Americans are some of the most charitable people on Earth, so I'm not overly worried about taxes keeping people from giving more. In fact, charitable giving being tax deductible makes that point even more baseless. What's sad is that poorer and middle class people give more in relation to their income than wealthier people, so it isn't a matter of over-taxation, but simple greed and callousness that keeps people from giving. Actually, if you want people to give more, then make the economy more stable by implementing the changes I mentioned above about health care and energy. The more secure people feel about their income and health, the more they give.

The idea that taxes are theft is primarily held by those who fail to understand just how good they have it under the current system. Taxes are the price of civilization, which is provided by government. Without the government leveling the playing field through taxes, the wealthy would use their economic power to accumulate more power and severely unbalance the system. Eventually, we'd resemble the typical South American country with a few very wealthy people at the top and a whole lot of poor people at the bottom rather than an industrialized Western democracy. A progressive tax structure, when actually kept progressive, is the best thing to ensure a healthy middle class, which is essential to the health of any economic system. If taxation for government programs was really theft, then providing for the"general welfare" would not be listed in both the preamble and article 1, section 8 of the constitution. And if you don't like the constitution that our country is based on, then YOU CAN GET OUT! (Imagine the South Park redneck voice saying that, and you'll know where my brain is right now).

Sorry my round was so long. I couldn't help myself.
DucoNihilum

Con

DucoNihilum forfeited this round.
Debate Round No. 3
mindjob

Pro

Well, this is disappointing. I've said everything that comes to mind, so I guess I'll just have to wait till my opponent can get an argument in.
DucoNihilum

Con

Sorry for not responding in the allotted time!

Minimum wage does need to be changed, but in my opinion it must be changed in such a way that it is phased out completely. I never made the argument that minimum wage was directly tied with inflation, Inflation is primarily caused by the Federal reserve and other such entities. However, I do think forcing prices higher than they are (Essentially putting a price floor on wages) create a surplus of jobs, more people want to work for extra than people who want to work for less.... They also will definitely cause businesses to lose money if they don't change their policies to fix that, after all, money does not come out of thin air. They have already calculated everything to come out to maximum efficiency, if they're productive enough, and ofr a busniess to compete in the real world it must remain as efficient as possible. Suddenly losing a lot of money will force them to change some policies, by either firing workers, not hiring extra workers they planned to hire, or raising costs. These 'greedy capitalists' you speak of are mythical creatures- they don't exist. CEO's do tend to make a lot of money, but they don't make money at 'expense' of their laborers. They try to pay their laborers the fairest wage possible, while unskilled laborers may not think 10 dollars an hour is 'fair', they are UNSKILLED and can not contribute more than 10 dollars an hour to the company and have the company still follow the rules of supply and demand.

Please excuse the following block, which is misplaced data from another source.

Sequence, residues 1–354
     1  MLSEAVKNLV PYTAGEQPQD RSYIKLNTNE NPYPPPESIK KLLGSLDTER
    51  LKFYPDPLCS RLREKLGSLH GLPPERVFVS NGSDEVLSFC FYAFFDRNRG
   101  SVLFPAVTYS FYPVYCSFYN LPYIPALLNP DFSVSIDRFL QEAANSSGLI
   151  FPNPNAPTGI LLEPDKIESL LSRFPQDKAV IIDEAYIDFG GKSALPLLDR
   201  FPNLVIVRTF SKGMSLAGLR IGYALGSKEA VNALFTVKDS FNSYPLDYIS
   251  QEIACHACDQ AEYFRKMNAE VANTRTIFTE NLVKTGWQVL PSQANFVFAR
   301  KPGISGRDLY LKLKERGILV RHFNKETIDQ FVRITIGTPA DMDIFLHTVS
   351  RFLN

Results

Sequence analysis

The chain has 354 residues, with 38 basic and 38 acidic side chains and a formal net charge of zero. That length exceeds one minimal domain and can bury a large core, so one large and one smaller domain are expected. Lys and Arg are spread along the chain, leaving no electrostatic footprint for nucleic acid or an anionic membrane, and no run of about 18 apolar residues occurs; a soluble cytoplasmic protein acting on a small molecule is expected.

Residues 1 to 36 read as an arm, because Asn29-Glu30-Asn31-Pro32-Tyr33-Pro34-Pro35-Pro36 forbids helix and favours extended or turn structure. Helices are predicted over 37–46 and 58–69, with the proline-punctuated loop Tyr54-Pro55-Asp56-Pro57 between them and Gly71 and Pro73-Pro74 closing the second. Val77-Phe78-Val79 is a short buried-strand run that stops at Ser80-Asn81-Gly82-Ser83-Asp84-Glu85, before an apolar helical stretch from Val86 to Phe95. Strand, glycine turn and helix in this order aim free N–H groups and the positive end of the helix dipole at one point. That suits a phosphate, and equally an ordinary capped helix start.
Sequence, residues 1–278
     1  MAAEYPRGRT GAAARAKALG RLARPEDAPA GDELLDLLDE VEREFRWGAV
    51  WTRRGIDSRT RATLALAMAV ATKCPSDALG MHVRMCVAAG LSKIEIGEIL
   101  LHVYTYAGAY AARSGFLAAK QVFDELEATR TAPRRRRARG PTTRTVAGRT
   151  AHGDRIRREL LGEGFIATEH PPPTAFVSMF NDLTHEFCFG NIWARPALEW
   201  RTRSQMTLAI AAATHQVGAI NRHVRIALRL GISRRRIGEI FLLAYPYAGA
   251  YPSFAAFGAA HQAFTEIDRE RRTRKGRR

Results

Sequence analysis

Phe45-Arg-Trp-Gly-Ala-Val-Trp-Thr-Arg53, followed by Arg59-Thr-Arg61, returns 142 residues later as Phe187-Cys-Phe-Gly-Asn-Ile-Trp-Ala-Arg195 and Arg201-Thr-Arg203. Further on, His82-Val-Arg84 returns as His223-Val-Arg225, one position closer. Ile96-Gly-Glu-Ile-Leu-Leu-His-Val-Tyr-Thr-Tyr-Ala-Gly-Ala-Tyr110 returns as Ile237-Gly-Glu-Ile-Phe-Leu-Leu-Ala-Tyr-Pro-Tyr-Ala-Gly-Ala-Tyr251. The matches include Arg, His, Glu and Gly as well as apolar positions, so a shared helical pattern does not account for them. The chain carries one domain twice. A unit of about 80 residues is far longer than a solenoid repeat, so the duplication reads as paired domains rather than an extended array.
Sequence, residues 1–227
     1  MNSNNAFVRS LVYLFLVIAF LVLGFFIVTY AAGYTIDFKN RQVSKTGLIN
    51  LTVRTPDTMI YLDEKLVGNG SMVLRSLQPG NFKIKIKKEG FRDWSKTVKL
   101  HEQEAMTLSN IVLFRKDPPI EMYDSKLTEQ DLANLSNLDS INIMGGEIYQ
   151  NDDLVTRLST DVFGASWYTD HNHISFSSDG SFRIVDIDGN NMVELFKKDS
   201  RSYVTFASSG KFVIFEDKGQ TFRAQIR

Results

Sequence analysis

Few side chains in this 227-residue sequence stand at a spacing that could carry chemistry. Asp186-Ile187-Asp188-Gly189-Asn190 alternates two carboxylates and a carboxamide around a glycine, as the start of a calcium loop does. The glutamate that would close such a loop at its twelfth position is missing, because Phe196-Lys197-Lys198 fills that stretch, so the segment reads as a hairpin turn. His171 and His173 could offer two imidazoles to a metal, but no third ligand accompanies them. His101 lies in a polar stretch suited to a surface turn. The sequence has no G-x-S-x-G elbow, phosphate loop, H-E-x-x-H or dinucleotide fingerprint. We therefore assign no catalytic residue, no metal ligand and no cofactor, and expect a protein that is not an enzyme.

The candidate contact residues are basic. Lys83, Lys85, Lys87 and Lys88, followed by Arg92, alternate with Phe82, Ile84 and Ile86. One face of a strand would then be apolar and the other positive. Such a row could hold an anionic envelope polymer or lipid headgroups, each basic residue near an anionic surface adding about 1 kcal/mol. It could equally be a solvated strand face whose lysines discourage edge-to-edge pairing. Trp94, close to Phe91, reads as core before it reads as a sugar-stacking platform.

I find it astonishing how some people can sit back and say to you with an honest face that anybody is 'forced' to do anything though the free (or semi-free) market. There is force involved, yes, but not from businesses to their employees- the force is coming from government. Businesses are FORCED to pay high rates for their employees, they are FORCED to hire anybody and everybody, regardless of (however irrational) personal issues such as race or sex. Businesses are forced to help pay for health care for their full time employees, they are forced to uphold countless government regulations. Illegal immigrants are not forced to live in company apartments, nor buy from company general stores. They can simply move out, find another place to work, or go back to where they immigrated from. They CHOOSE, by their own free will, to work for the farm. If 'actual' citizens choose to work in those sorts of conditions who am I or you to stop them? After all- labor in a free market (unlike a socialist or communist market) can ONLY come from voluntary exchange of goods (in this case, labor for dollars).

Capitalism has not been proved infallible in the past, in fact, it has been proved to be the most successful and free times, EVER. Socialists, Marxists, and those who are against liberty may give you horror stories of Capitalism, but they are often exaggerated or untrue for all of Capitalism. If you believe the idea that wages will never go above subsistence levels in true capitalism you are naive or insane. That clearly does not hold true with the modern world, as labor becomes more and more specialized- especially in the United States and other high-tech countries. While life may not be the greatest for people who are in a Capitalist system when they have JUST ENTERED it, (IE- A new industrial revolution) but this will quickly change for the better. Compare post industrial world to the pre industrial world. Sure, people had it hard during the industrial revolution, but before it they didn't even have enough for subsistence. People died on a regular busniess, and life was revolved around subsistence farming.... then came the industrial revolution, changing the lives of everybody for the better.